The Final Lunar Landing Mission
This photograph, AS17-134-20425, taken on December 11, 1972, showcases scientist-astronaut Harrison H. Schmitt, the lunar module pilot, diligently collecting lunar rake samples at Station 1 during the first Apollo 17 Extravehicular Activity (EVA-1) at the Taurus-Littrow landing site. The image was captured by astronaut Eugene Cernan, the mission commander. The lunar rake, a specialized Apollo lunar geology hand tool, is employed to gather distinct samples of rocks and rock chips, ranging in size from one-half inch (1.3 centimeters) to one inch (2.5 centimeters). Schmitt's focused efforts in this photograph reflect the importance of collecting valuable geological samples to advance our understanding of the Moon's composition and history.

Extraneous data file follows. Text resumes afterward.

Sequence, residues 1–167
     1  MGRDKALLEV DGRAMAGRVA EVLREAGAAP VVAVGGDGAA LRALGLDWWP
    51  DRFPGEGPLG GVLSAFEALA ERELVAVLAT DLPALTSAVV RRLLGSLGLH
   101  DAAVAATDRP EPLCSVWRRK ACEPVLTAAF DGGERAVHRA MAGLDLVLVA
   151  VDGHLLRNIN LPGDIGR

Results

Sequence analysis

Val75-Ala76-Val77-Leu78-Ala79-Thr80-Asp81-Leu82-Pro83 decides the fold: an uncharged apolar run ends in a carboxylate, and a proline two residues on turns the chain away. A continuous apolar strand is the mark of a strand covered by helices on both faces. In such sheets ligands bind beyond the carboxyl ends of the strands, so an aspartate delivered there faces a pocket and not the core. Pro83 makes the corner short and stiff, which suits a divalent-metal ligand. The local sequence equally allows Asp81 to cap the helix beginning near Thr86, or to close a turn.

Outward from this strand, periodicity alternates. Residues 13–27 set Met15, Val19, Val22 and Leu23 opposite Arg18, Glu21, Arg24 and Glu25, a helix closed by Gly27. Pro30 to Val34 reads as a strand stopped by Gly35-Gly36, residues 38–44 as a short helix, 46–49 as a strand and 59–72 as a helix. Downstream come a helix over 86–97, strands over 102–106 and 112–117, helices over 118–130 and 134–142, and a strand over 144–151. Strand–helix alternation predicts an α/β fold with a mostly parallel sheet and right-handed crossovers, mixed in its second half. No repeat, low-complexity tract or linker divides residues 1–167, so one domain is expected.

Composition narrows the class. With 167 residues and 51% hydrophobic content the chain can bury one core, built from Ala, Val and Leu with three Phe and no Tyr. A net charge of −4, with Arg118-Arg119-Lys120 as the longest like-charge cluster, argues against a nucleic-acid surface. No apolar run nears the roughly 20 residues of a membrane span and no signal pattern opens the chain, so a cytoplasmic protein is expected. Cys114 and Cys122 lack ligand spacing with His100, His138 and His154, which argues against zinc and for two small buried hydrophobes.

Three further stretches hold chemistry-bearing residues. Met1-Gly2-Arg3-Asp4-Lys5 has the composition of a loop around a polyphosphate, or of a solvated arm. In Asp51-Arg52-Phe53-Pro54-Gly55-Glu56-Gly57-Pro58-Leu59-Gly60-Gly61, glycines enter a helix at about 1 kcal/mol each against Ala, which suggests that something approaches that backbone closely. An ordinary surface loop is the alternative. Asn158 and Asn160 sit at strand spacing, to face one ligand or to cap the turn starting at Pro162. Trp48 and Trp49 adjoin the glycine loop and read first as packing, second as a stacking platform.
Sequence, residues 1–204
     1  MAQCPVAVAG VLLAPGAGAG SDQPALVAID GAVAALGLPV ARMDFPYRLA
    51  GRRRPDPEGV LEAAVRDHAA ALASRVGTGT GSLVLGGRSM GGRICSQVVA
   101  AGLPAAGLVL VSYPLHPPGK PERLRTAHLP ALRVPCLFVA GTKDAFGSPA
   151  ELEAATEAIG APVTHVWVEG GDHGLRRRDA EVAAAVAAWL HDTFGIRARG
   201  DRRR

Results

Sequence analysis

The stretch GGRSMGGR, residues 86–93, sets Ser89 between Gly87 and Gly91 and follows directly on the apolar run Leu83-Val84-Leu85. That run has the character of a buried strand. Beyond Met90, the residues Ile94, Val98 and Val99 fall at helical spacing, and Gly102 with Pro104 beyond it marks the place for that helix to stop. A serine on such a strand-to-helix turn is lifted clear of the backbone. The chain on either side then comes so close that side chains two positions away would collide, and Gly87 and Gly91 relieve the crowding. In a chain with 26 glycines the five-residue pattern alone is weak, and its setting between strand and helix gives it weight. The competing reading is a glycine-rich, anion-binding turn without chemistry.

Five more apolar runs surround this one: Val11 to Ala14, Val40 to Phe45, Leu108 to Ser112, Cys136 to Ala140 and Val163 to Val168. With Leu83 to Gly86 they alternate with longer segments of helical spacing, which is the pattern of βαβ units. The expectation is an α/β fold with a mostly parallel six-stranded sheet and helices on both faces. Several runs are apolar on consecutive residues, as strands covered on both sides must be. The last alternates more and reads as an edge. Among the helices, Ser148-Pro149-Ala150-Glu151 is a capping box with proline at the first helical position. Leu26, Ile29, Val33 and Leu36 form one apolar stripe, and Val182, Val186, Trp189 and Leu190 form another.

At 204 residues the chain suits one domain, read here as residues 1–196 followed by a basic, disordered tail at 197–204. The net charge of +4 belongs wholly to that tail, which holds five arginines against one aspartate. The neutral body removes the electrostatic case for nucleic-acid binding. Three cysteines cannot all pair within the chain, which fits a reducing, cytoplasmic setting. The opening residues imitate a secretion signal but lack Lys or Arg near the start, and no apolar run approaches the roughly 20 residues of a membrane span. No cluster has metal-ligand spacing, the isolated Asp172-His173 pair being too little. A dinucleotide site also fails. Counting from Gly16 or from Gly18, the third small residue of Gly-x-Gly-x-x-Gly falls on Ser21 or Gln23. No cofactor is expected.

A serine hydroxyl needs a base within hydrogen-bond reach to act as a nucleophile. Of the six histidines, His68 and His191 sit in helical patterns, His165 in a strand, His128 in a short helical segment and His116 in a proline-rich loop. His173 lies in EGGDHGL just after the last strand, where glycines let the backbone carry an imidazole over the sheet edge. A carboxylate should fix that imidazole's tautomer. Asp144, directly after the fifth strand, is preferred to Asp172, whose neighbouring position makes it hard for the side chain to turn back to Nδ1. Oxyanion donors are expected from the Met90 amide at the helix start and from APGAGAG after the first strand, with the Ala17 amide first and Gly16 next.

Apollo 17, launched on December 7, 1972, was the final mission of NASA's Apollo program and marked the last time humans set foot on the moon. Led by Commander Eugene Cernan, Lunar Module Pilot Harrison Schmitt, and Command Module Pilot Ronald Evans, the mission showcased a series of scientific experiments and discoveries. Cernan and Schmitt spent over three days on the lunar surface, conducting three extravehicular activities (EVAs) that involved collecting lunar samples, deploying various scientific instruments, and exploring the Taurus-Littrow valley. Meanwhile, Evans orbited the moon, conducting photographic and geological observations. Apollo 17 not only set records for the longest lunar landing and longest total time spent on the moon's surface, but it also signified the end of an era in human space exploration and the Apollo program's lasting legacy.